We used the scatter of event rates (incidence of PONV) with ondansetron against event rates with control as a graphical means to explore consistency of ondansetron's efficacy and homogeneity of the data.  On such plots, a scatter lying predominantly between the line of equality and the axis of the control intervention (placebo) would suggest consistent efficacy with ondansetron and relative homogeneity.
We defined antiemetic efficacy as prevention of a PONV event with ondansetron or control. We made calculations by combining ondansetron arms for each dose separately and combining corresponding control arms. Data from placebo patients from dose ranging studies could be included in several analyses. However, we did not count patient data more than once for one ondansetron dose. We combined data only if the same PONV outcome was reported within the same observation period and with the same dose and route of administration of ondansetron.
We calculated relative benefit as relative risk and used 95% confidence intervals (CI).  We did formal heterogeneity testing only when we combined data from more than two trials. Homogeneity was assumed when P > 0.1. We used a fixed-effect model  when we combined data from no more than two trials or when there was no significant heterogeneity. In all other situations we used a random-effects model.  With the fixed-effect model, we assume that all trials estimated the same true fixed effect of treatment. With the random-effects model, we recognize that trials may be heterogeneous in the sense of having different true effects.
A statistically significant benefit of ondansetron over control was assumed when the lower limit of the 95% CI of the relative benefit was > 1.
We calculated number-needed-to-treat and 95% CI for combined data. [12,13] A positive number-needed-to-treat indicated how many patients had to be exposed to ondansetron to prevent one particular PONV event in one of them, who would have had this event had he or she received a placebo or no treatment. Thus the number-needed-to-treat is a useful estimate of clinical relevance of treatment effect. Infinity indicated that the confidence interval included no benefit of ondansetron over control.
We analyzed evidence of a dose response in three steps. First we plotted a graph of log dose against efficacy (log number-needed-to-treat) and analyzed it qualitatively. Second, we tested evidence for a statistically significant difference between numbers-needed-to-treat of at least two different doses. We assumed such a difference when the 95% CIs of the two numbers-needed-to-treat did not overlap. [4,14] This is a conservative criterion because it involves the comparison of an improbable extreme for one estimate with an equally improbable extreme for the other. We regarded a statistically significant difference between at least two different doses as strong evidence for a dose-response. Third, we evaluated clinical relevance of a difference between numbers-needed-to-treat. Based on the preset definition of clinical relevance of antiemetic efficacy (number-needed-to-treat < 5),  we considered an increase in efficacy of at least 20% as clinically relevant. Thus a decrease in the number-needed-to-treat from five to four (i.e., treating four patients instead of five for one to benefit) would be regarded as a clinically relevant improvement, and, as a consequence, justify an increase in the dose. The optimal dose was defined as the dose that had, first, a number-needed-to-treat to prevent PONV of no more than five, and second, for which further increase in the dose would not lead to a further clinically relevant improvement.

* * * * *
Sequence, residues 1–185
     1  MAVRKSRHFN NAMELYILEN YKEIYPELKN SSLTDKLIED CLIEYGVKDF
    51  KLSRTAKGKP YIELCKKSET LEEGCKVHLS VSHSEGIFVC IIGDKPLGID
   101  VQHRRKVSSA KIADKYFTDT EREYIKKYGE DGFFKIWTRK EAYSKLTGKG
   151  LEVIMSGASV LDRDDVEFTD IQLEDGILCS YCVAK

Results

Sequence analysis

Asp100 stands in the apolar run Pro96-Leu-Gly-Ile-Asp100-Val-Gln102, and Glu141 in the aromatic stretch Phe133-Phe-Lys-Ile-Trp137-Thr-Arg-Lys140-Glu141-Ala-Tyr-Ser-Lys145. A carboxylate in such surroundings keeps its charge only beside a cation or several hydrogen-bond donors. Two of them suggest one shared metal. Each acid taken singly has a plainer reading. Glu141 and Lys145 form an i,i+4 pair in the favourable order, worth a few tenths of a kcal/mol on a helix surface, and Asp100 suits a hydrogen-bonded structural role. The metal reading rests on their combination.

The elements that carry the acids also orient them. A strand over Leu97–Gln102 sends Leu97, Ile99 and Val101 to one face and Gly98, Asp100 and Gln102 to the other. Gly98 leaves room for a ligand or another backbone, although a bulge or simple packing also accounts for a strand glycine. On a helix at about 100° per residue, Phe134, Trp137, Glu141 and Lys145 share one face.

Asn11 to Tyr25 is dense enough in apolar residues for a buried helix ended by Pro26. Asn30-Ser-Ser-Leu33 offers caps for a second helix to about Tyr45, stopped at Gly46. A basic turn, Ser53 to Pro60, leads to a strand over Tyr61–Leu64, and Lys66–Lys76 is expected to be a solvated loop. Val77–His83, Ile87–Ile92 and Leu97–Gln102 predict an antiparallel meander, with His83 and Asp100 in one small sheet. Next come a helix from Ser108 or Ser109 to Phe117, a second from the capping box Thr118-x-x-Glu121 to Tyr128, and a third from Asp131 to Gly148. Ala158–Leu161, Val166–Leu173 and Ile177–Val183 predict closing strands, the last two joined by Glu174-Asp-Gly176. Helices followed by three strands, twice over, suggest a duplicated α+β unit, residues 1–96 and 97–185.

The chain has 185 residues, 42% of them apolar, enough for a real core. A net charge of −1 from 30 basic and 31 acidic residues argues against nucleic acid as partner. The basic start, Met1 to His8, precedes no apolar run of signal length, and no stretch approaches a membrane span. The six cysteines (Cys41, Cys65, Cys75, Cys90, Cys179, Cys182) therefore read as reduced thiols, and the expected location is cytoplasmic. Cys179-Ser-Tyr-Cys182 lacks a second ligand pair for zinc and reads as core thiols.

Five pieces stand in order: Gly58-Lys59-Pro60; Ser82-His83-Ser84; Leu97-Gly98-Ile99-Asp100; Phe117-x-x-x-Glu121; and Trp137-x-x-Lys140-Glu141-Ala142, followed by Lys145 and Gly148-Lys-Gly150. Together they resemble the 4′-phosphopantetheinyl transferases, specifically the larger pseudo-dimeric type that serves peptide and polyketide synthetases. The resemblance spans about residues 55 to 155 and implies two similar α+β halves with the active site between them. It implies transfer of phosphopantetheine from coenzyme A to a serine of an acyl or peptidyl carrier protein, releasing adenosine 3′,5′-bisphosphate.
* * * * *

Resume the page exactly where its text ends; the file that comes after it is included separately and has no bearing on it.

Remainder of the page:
We calculated relative benefit and number-needed-to-treat for best documented doses (i.e., 1, 4, and 8 mg) within two predefined ranges of control event rates: early outcomes within 20–60% of control event rate, and late outcomes within 40–80% of control event rate.  Given this, we excluded from analysis all outcomes from trials with a PONV incidence in placebo patients outside these ranges. Thus we could estimate ondansetron's relative efficacy compared with other antiemetic interventions without the need for direct comparisons. 
To estimate the frequency of drug-related adverse effects, the number-needed-to-harm was calculated in the same manner as the number-needed-to-treat. In trials with several ondansetron arms (i.e., dose-ranging studies), we extracted a “worst-outcome” estimate for each adverse effect to calculate an overall estimate of harm. Given this, we extracted the worst outcome for a given adverse effect from such trials, independent of the ondansetron dose, and we used it to calculate a combined estimate of harm with data from other trials.
Calculations were performed using EXCEL (version 5.0; Microsoft, Redmond, WA) on a Power Macintosh 7100/66 (Apple Computers, Cupertino, CA).
Included and Excluded Trials
We considered 85 trials for analysis but subsequently excluded 28 reports. Of these 28, 10 were not randomized, 12 contained duplicated data (i.e., patient data that were already published in another report), the number of patients per group was not mentioned in 2, the observation period was not specified in 1, general anesthesia was not used in 1, no cumulative PONV incidences were reported in 1, and dexamethasone treatment was not properly controlled in 1 trial. We could not (nor could the manufacturer) obtain copies of four reports cited in EMBASE (but not in MEDLINE or Biological Abstracts).
We analyzed data from 53 randomized, controlled trials that were published in 52 reports. [16–52](III), [53–59](I+II), [60–67] Data extracted from these reports and references for the reports that we did not analyze are available on the World Wide Web at http://www.jr2.ox.ac.uk/Bandolier/painres/ondP/ondP.html.
Because trials were inconsistent in reporting intention-to-treat data, we used efficacy data. We analyzed data from 13,580 patients, of whom 7,321 received ondansetron. The median number of patients per trial was 131 (range, 30–1,345). The median validity score was 3 (range, 1–5). We tested 24 different ondansetron regimens: oral and intravenous routes; fixed doses (full milligrams), and variable doses (micrograms per kilogram, milligrams per square meter); single, double, and triple administrations per 24 h. A “no treatment” control was used in two trials, [19,47] but all others used placebo. Data from no treatment controls were regarded as placebo.